I think it was google buying youtube that proved the bubble was alive and well. Millions of dollars to buy...... A money black hole with not only no revenue stream, but the threat of litigation only being helf back by it having no money for the litigants to take.

    We thought we shook em in the ,bust, but it would appear the "tubes" are back, with a vengence.

  9. Jim

    RE: RE: "post-scarcity"? sorry

    "Both photovoltaic and wind power statisfy those conditions, to name a few commodity technologies."

    In theory yes but not in practice. With regard to raw energy production, these technologies are only viable if there is a significant mindset change from large centralised generation to a more distributed generation. This ideology does not sit well with incumbent power distributors, who refuse to allow domestic generators to 'sell' excess power back onto the electricty network.

    "we need to make molecular (or similar) assemblers a viable technology"

    That would be fantastic, how is this line of research coming along? You make it sound like it is a just a few years away.

    "When technology improves, many goods will be available locally at a far lower cost and do not need to be shipped."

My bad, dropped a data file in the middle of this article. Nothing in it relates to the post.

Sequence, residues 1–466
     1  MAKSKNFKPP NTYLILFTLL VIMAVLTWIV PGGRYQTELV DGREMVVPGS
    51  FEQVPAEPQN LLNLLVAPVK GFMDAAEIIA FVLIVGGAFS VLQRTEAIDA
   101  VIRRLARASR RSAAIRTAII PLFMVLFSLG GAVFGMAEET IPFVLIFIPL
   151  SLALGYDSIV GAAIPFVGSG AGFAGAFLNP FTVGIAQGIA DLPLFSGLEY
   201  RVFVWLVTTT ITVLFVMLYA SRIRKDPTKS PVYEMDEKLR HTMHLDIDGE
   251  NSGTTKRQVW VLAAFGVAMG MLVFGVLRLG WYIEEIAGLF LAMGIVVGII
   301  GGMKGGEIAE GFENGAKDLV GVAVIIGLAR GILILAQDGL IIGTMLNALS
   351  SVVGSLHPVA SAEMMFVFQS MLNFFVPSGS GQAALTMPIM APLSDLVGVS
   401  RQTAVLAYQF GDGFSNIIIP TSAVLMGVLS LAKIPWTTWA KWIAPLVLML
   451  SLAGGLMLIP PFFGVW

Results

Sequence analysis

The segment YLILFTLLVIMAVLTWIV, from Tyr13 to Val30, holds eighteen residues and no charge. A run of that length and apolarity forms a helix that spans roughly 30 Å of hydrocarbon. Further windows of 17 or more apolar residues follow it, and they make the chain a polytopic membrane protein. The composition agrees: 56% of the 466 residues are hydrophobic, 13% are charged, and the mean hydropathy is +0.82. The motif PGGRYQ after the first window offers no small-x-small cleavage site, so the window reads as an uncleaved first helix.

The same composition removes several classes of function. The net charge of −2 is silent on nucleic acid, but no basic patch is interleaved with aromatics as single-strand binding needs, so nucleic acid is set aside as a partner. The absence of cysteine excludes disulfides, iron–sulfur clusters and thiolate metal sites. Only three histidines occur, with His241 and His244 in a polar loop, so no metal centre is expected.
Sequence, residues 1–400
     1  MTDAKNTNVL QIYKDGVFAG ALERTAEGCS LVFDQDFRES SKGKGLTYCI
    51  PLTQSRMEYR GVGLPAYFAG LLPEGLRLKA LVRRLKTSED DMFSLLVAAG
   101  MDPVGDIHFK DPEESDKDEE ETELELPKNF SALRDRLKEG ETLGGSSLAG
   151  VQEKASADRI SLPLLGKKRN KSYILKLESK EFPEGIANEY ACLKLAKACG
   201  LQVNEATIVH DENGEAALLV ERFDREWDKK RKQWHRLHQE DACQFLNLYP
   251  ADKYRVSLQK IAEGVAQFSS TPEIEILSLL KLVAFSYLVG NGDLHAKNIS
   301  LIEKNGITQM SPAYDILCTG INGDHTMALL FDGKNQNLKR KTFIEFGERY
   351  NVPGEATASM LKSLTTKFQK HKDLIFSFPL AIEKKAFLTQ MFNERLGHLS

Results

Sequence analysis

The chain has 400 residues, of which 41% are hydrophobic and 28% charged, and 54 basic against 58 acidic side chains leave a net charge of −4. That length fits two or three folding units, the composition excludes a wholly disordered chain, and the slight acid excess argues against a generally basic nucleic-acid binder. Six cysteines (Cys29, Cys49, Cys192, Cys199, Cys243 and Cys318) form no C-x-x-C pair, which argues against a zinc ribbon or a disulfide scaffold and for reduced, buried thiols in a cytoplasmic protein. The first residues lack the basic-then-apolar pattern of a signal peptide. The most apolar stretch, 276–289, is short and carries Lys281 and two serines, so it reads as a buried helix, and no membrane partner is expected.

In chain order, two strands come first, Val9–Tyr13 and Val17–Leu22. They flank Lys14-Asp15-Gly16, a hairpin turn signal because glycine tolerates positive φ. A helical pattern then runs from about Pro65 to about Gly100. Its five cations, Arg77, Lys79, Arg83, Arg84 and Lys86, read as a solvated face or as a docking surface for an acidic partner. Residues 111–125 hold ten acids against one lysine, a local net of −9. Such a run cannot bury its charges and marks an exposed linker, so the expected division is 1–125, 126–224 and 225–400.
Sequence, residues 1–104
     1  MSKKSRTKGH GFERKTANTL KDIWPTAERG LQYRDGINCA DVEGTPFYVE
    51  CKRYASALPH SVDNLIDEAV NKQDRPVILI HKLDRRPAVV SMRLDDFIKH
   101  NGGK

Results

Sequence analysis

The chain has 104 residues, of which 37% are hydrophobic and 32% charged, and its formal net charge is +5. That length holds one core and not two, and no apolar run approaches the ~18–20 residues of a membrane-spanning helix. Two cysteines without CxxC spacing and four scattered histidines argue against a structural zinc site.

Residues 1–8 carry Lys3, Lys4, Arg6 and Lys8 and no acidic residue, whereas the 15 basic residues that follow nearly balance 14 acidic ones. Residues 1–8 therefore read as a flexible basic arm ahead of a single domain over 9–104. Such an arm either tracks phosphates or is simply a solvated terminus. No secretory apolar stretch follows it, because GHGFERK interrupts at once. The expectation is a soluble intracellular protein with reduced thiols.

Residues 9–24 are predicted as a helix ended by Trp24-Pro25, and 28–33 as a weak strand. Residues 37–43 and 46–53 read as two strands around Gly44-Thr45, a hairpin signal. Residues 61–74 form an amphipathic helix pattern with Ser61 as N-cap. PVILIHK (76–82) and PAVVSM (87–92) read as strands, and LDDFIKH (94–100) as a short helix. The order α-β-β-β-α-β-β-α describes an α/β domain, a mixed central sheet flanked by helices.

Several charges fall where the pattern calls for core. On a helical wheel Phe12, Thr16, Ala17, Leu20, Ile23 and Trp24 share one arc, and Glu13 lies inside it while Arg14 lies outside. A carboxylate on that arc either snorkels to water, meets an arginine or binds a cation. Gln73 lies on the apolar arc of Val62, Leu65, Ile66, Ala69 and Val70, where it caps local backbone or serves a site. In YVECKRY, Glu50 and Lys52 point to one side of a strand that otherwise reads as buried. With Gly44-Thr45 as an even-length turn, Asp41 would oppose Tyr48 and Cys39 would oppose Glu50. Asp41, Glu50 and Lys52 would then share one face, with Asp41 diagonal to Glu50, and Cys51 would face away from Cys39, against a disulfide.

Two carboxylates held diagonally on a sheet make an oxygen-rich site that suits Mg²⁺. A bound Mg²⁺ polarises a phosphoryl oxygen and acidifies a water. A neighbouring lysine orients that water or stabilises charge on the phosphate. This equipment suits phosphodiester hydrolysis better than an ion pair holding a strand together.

And that is just they way that the world is moving... oh no, I forgot, exactly the opposite is happening. Technology is being eschewed in favour of cheap (foreign to us) labour.

    This is the sort of techno-utopian propaganda I expect to hear coming from the mouths of esteemed politicians such as Our Tony or Junior. The old "yet to be invented technology will magically arrive soon and save the day". The hybrid car was a viable concept, ie prototyped, when I started my PhD in '92, how long did that take for a viable concept to become a consumer reality?

  10. Anonymous Coward
    Anonymous Coward

    RE: RE: RE: "post-scarcity"? sorry